The first person to stand trial in a Chinese crackdown on "Internet rumours" confessed his guilt and made a lengthy statement of remorse Friday, even thanking his detention centre, the court said.
Qin Zhihui is among hundreds of bloggers arrested in a government-backed campaign to assert greater control over social media which has seen influential critics of Beijing paraded on state television.
Prosecutors at Beijing's Chaoyang district court said Qin had "impacted society and seriously harmed social order" by "creating and spreading rumours", with his targets on Sina Weibo, the country's version of Twitter, including celebrities and China's former railways ministry.
The campaign against Internet rumours, which began last year, appears to be part of a concerted effort by China's ruling Communist party to rein in criticism that undermines its grip on power.
Chinese microblogs have become key drivers of public opinion in recent years, with bloggers drawing attention to official corruption, pollution and other issues.
"I wish this could be a warning to everyone," said Qin, according to quotes posted on the court's Weibo account.
"I wish everyone would cherish the free space on the Internet, and be a pillar of society. I am an example that you should take a warning from," added Qin, who was known as "Qinhuohuo" online.
- 'Discipline has been good for me' -
Qin apologised to his victims, and also thanked the media, the police and the detention centre in Beijing that he has been held in since his arrest last August, adding that the "discipline has been good for me".
He was shown on television with a shaved head, appearing contrite as he stood in court flanked by police.
Posts written by the 30-year-old and subsequently widely spread included one that Beijing had granted 200 million yuan ($32.2 million) in compensation to a foreigner who died in a train crash in eastern China's Zhejiang province in 2011, the official Xinhua news agency said.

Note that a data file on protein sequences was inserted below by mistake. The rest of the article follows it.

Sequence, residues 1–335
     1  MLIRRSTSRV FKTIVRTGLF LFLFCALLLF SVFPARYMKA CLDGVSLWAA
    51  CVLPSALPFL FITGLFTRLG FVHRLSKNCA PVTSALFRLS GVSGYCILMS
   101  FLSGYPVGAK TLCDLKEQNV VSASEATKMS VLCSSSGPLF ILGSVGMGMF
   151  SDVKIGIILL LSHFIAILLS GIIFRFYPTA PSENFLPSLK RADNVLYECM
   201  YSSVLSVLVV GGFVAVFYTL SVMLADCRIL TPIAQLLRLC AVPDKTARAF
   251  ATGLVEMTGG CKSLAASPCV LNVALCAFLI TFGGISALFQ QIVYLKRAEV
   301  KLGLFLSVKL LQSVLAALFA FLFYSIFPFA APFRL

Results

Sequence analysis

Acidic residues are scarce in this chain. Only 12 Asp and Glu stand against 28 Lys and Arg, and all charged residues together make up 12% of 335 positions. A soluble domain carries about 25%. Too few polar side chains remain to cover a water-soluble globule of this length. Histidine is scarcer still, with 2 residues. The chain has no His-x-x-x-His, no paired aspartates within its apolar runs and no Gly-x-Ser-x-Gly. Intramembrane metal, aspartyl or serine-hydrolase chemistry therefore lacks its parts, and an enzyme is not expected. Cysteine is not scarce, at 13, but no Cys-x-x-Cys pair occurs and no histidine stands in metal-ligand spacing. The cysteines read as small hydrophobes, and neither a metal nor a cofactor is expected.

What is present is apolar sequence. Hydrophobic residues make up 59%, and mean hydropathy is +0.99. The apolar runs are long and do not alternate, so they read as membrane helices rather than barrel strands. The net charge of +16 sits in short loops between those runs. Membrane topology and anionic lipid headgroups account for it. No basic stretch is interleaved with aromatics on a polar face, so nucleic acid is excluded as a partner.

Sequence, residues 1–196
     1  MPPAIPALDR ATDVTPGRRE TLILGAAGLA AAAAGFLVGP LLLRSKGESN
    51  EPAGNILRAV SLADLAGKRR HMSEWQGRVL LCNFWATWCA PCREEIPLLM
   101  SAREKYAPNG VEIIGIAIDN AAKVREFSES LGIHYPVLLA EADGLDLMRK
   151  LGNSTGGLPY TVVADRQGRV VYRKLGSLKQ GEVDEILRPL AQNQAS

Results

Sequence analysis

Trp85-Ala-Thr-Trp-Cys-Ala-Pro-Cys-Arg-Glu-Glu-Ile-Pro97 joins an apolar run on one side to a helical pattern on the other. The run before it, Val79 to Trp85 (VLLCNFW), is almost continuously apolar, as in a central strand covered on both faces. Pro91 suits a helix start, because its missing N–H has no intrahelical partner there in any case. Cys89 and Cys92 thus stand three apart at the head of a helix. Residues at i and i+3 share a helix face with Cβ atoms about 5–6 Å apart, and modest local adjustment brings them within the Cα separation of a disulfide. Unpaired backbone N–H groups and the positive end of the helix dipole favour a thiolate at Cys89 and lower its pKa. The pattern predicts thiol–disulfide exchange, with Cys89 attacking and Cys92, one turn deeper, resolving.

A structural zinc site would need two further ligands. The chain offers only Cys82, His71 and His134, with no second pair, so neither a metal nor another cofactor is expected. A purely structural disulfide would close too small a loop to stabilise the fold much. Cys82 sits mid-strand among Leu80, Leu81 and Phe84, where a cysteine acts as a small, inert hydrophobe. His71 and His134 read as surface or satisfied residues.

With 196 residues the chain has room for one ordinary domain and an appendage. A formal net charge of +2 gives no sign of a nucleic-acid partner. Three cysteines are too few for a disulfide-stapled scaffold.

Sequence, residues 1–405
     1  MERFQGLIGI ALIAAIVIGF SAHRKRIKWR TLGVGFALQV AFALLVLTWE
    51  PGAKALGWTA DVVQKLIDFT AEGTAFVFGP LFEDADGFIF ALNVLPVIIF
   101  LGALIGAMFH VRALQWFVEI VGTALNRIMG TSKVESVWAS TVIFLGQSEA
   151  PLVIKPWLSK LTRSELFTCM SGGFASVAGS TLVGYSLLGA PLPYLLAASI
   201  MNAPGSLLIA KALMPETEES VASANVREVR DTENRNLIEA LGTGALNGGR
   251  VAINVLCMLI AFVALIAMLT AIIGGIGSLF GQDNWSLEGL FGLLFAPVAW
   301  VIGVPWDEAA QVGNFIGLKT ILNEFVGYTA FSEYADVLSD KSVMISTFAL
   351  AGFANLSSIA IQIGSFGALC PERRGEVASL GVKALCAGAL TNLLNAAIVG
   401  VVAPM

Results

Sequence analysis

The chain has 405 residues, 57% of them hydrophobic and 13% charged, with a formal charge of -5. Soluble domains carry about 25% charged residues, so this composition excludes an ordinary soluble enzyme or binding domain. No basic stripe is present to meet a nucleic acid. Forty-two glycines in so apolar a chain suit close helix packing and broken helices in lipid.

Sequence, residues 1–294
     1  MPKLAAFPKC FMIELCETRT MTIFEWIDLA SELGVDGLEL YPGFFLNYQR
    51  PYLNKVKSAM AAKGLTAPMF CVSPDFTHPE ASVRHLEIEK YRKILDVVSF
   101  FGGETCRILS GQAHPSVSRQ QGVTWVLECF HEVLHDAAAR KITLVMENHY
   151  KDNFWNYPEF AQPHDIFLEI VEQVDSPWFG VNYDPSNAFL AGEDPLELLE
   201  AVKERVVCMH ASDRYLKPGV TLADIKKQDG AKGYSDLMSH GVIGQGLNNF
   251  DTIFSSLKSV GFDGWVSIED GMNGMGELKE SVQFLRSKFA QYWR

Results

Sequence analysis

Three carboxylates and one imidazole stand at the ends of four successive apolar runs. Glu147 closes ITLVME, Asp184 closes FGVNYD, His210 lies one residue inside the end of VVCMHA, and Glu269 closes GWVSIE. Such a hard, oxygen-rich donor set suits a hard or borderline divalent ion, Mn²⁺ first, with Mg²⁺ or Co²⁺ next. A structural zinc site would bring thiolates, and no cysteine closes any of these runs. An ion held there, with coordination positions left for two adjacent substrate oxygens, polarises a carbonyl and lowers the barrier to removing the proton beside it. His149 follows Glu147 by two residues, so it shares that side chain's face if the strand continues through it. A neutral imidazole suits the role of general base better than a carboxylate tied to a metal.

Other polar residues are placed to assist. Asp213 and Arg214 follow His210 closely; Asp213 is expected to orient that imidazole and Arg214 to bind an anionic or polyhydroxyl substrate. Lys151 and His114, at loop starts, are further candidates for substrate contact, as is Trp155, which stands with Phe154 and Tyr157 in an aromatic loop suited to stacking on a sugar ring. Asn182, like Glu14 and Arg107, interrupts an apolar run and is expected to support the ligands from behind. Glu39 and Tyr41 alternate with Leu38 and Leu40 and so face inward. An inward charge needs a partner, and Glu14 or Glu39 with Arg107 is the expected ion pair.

The rumour was reposted 12,000 times within two hours and "angered Chinese netizens", Xinhua added.
Online reports said Qin had a number of Weibo accounts which were subsequently shut down by government censors. It is unclear how many followers he had.
The verdict in his case will be announced at a later date, the court said.
At the start of the Internet clampdown last year, officials told Internet celebrities with millions of online followers to "promote virtues" and "uphold law" online.
Chinese-American billionaire blogger Charles Xue was arrested soon after for suspected involvement in prostitution and "group licentiousness".
Xue had attracted 12 million followers on Weibo, regularly posting reform-minded comments on a variety of sensitive issues. Any links between his arrest and the Internet crackdown were routinely dismissed by state media.
Another of China's most popular bloggers, Pan Shiyi, was last September shown in an interview with state broadcaster CCTV, where he appeared contrite and warned of the dangers of "casual" online posts.
Under regulations announced last September, Chinese Internet users face three years in prison for writing defamatory messages that are then re-posted 500 times. Web users can also be jailed if offending posts are viewed more than 5,000 times.